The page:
We’ve Moved Beyond Christian Morality

by Luke Muehlhauser on November 8, 2009 in Debates,Ethics

i2hitchensfryRecently, there was an Intelligence Squared debate over the motion: “The Catholic church is a force for good in the world.” In support of the motion were Archbishop John Onaiyekan and MP Anne Widdencombe. Against the motion were Christopher Hitchens and Stephen Fry.

The audience voted on the motion before the debate began: 678 people were in favor of the Catholic church, 1102 were against it.

But after the debate, they voted again. What happened? A massive 410 people changed their mind from supporting the Catholic Church to being against it.

This is just one small debate, but I think it’s part of a larger movement. We humans have something to say. This is what we’re saying:

Church, we have moved beyond your ancient and twisted morality. We are better than that. We don’t need you to tell us what is right and wrong, because you’ve done a poor job of it.

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{ 27 comments… read them below or add one }

ayer November 8, 2009 at 5:54 pm

This debate is good evidence that Christopher Hitchens (contrary to what some atheists have said) actually is a good debater–which means his devastating loss to Craig earlier this year indicates weakness in the atheist position, not lack of debating skill on Hitchens’ part.


Roman November 8, 2009 at 6:10 pm

Hi Ayer,

It could indicate that.

But there are many possible explanations for the success of Hitchens and Fry, not all of which include Hitchens being a good debater. For example the weakness of their opponents could explain their victory, or the success of Stephen Fry.

Or it could be that Hitchens is a good debater on the topic of whether the Catholic church is a force for good, but not a good debater of the topic of whether God exists.


Josh November 8, 2009 at 6:21 pm

“Or it could be that Hitchens is a good debater on the topic of whether the Catholic church is a force for good, but not a good debater of the topic of whether God exists.”

I think this is probably the case—I know that Harris’ main point is more about the fact that religion is bad, rather than whether or not god exists.


Alex November 8, 2009 at 6:28 pm

ayer: have you considered the possibility that Hitchens is just not acquainted with philosophy?


drj November 8, 2009 at 6:32 pm

Hitchen’s isnt a good debater – the couple times he’s performed adequately are the exception, not the rule.

He can have wondrous spurts of eviscerating commentary about religious topics – and when he is on he is really on – but again, it seems he’s more likely to dive headlong into meandering, off-topic, semi-coherent rambles, rather than to say something insightful.

Wishful thinking on Ayer’s part.


Mark H. November 8, 2009 at 6:38 pm

This is a different kind of debate from what Craig engages in. This is not about the logic in theological beliefs but a survey of the doings of the Roman Catholic Church. Craig debates what is logically possible or logically necessary given very few assumptions about whatever world we’re talking about. The actual universe we live in is almost totally irrelevant to the Kalam argument.

This debate was a historical argument about the Church’s role in world history. Historical arguments are what Hitchens specializes in. “God Is Not Great” is primarily about the evil actions undertaken by religion and the religious, not about God’s existence or the problem of evil. The outcome of this debate was an evisceration of one group of humans claiming moral authority over all others.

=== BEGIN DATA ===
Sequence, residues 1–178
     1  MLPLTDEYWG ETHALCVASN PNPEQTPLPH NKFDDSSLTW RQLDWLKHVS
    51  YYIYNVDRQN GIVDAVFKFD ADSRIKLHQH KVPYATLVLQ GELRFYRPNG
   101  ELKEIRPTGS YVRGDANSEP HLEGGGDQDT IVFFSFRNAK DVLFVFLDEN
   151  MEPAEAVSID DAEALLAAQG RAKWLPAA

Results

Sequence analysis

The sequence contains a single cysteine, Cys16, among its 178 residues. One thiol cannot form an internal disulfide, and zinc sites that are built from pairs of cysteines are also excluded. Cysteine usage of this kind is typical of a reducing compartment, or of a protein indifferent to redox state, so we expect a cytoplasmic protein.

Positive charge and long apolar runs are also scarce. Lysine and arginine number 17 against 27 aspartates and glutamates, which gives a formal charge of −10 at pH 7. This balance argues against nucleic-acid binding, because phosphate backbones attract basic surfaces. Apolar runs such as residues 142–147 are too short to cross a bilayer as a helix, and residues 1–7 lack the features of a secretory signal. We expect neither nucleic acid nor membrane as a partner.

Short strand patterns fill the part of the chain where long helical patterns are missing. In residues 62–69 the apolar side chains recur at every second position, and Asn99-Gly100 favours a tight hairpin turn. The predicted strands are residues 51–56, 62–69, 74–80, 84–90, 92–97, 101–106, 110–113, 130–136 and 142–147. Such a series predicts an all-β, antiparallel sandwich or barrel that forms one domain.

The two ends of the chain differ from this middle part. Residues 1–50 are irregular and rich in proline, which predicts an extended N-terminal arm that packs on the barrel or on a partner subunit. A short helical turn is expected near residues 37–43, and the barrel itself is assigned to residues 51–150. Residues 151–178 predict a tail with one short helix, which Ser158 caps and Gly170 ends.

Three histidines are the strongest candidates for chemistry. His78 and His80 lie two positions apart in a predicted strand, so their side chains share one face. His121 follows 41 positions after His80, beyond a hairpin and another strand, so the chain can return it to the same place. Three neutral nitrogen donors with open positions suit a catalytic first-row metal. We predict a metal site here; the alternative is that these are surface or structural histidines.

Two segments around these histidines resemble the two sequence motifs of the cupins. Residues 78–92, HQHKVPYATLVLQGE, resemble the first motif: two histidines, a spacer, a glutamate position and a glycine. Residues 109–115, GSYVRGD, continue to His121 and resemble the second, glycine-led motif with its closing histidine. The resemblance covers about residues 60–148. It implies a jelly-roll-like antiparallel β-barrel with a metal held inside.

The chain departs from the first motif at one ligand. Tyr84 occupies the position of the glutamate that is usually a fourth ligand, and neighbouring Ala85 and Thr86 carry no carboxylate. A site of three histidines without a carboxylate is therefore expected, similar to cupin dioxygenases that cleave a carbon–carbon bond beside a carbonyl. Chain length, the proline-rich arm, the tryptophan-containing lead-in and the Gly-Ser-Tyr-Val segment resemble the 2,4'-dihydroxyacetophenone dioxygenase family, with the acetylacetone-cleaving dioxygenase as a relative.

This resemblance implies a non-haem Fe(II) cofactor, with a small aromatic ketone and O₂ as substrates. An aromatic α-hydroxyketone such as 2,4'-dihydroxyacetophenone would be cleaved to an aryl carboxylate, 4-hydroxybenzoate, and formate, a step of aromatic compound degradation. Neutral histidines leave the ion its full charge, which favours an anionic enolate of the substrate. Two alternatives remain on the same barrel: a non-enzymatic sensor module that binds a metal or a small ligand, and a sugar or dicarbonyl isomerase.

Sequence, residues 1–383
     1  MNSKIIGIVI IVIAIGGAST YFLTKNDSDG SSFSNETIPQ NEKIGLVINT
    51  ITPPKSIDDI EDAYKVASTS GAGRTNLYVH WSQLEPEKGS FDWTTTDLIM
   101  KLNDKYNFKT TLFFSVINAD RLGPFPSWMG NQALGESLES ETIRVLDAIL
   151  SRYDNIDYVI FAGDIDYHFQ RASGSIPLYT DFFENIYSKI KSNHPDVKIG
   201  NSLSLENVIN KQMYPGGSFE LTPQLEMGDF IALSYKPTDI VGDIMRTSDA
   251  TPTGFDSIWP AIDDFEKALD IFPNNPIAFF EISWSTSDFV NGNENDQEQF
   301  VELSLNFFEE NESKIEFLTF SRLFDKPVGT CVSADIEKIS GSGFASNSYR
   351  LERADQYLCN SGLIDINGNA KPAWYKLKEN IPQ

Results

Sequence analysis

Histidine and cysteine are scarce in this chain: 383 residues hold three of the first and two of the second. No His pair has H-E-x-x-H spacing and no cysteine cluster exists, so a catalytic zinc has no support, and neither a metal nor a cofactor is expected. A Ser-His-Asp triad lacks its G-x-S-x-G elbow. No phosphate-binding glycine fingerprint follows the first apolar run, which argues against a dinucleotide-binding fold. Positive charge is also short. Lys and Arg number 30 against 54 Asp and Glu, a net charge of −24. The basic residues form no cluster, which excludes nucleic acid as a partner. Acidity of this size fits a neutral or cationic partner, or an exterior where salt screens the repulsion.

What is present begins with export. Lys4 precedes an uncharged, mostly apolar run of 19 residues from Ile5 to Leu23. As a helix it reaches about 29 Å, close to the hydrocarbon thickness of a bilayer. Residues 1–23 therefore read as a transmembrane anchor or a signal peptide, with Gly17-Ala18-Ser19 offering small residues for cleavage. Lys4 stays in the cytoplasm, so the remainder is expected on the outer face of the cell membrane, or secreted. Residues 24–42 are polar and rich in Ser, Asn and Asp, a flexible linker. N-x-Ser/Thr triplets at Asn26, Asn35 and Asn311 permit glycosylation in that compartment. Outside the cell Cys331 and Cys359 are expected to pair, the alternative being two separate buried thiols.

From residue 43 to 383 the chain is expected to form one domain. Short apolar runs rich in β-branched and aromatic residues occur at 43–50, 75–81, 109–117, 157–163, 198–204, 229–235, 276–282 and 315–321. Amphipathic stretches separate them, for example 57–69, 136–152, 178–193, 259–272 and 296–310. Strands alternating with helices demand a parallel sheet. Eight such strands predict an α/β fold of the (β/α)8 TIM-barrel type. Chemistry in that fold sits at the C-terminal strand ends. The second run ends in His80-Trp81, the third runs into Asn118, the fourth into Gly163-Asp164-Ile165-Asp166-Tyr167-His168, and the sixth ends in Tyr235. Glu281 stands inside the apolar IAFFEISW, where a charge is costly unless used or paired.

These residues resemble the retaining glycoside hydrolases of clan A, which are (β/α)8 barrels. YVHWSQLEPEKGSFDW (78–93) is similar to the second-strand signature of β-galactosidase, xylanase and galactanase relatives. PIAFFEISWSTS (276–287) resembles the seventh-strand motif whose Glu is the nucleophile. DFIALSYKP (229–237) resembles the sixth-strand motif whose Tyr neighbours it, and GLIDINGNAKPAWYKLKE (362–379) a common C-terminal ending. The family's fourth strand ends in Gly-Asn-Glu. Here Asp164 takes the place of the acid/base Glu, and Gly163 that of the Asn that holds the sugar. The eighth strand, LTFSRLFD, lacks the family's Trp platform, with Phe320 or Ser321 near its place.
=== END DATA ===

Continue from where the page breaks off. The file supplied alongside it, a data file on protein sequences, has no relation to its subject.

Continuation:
I have to say, the official Catholic policy on condoms in Africa is horrific, and the representatives of the church had nothing to say to defend it except to dismiss it as “sex talk.”


ayer November 8, 2009 at 7:55 pm

Roman: Or it could be that Hitchens is a good debater on the topic of whether the Catholic church is a force for good, but not a good debater of the topic of whether God exists.

If that’s the case, then Catholics could take the usual atheist line on Craig and say that the outcome of the debate was simply a measure of Hitchens’ superior debating skill, not the merits of the issue.


Hermes November 8, 2009 at 8:01 pm

Hitchens and Fry — both excellent debaters — had the easier argument to make yet were also very very well prepared.

I doubt many people would do well against them on this topic, though Widdencombe at best put a tourniquet on their wounded position while Onaiyekan actually added his own blood to the mix.

What made it worse is that both Widdencombe and Onaiyekan did not seem to be able to change their prepared statements and dynamically address the comments Hitchens and (especially) Fry made. Instead, W&O did exactly what H&F said they were going to do.

That said, someone with just the facts that H&F presented could have had either Onaiyekan’s or Widdencombe’s delivery and still won quite a few votes over what W&O could pull back to their position.


boagie November 8, 2009 at 8:57 pm

One thing that was apparent to me from the start was the Bishop was at a lanuague disadvantage and also neither on that side of the argument were in fact intellectuals. Perhasp very able people in many ways but intellectually it was a mismatch. On top of that the atheists were largely addressing the choir for the majority were already quite with them.


Bill Maher November 8, 2009 at 10:34 pm

ayer, I hate to say this dude, but you are full of it. All Craig winning a debate means is that Craig is good at debating. It has nothing to do with right or wrong. Did those 2 or 3 debates Craig lost mean that Christianity was wrong those 2-3 times?


Jake de Backer November 8, 2009 at 11:41 pm

Luke Skyblogger,

How do you find out about these debates? Perhaps a page could be devoted to upcoming atheist-science-philosophy related lectures, debates, conferences, etc. That actually sounds like it would be quite a time consuming feature to maintain but I just found out the annual atheist alliance conference with Dawkins, Harris and every major author who I’ve spent hours on YouTube viewing took place in Atlanta 20 FUCKING MILES FROM MY HOUSE and I had no way of knowing. I haven’t found any one website, which if any of you have please share a link, that keeps track of all this.

There’s got to be a better way,
T. C.


Hylomorphic November 9, 2009 at 12:37 am

Boagie, I’m not sure to what extent the bishop was at a language disadvantage. He certainly seemed to be using English with a good deal of facility. English is, after all, the official language of Nigeria. He may well be one of those Nigerians who either speaks it as a first language or nearly as well as a second language. Fluency with multiple languages is quite common in Africa.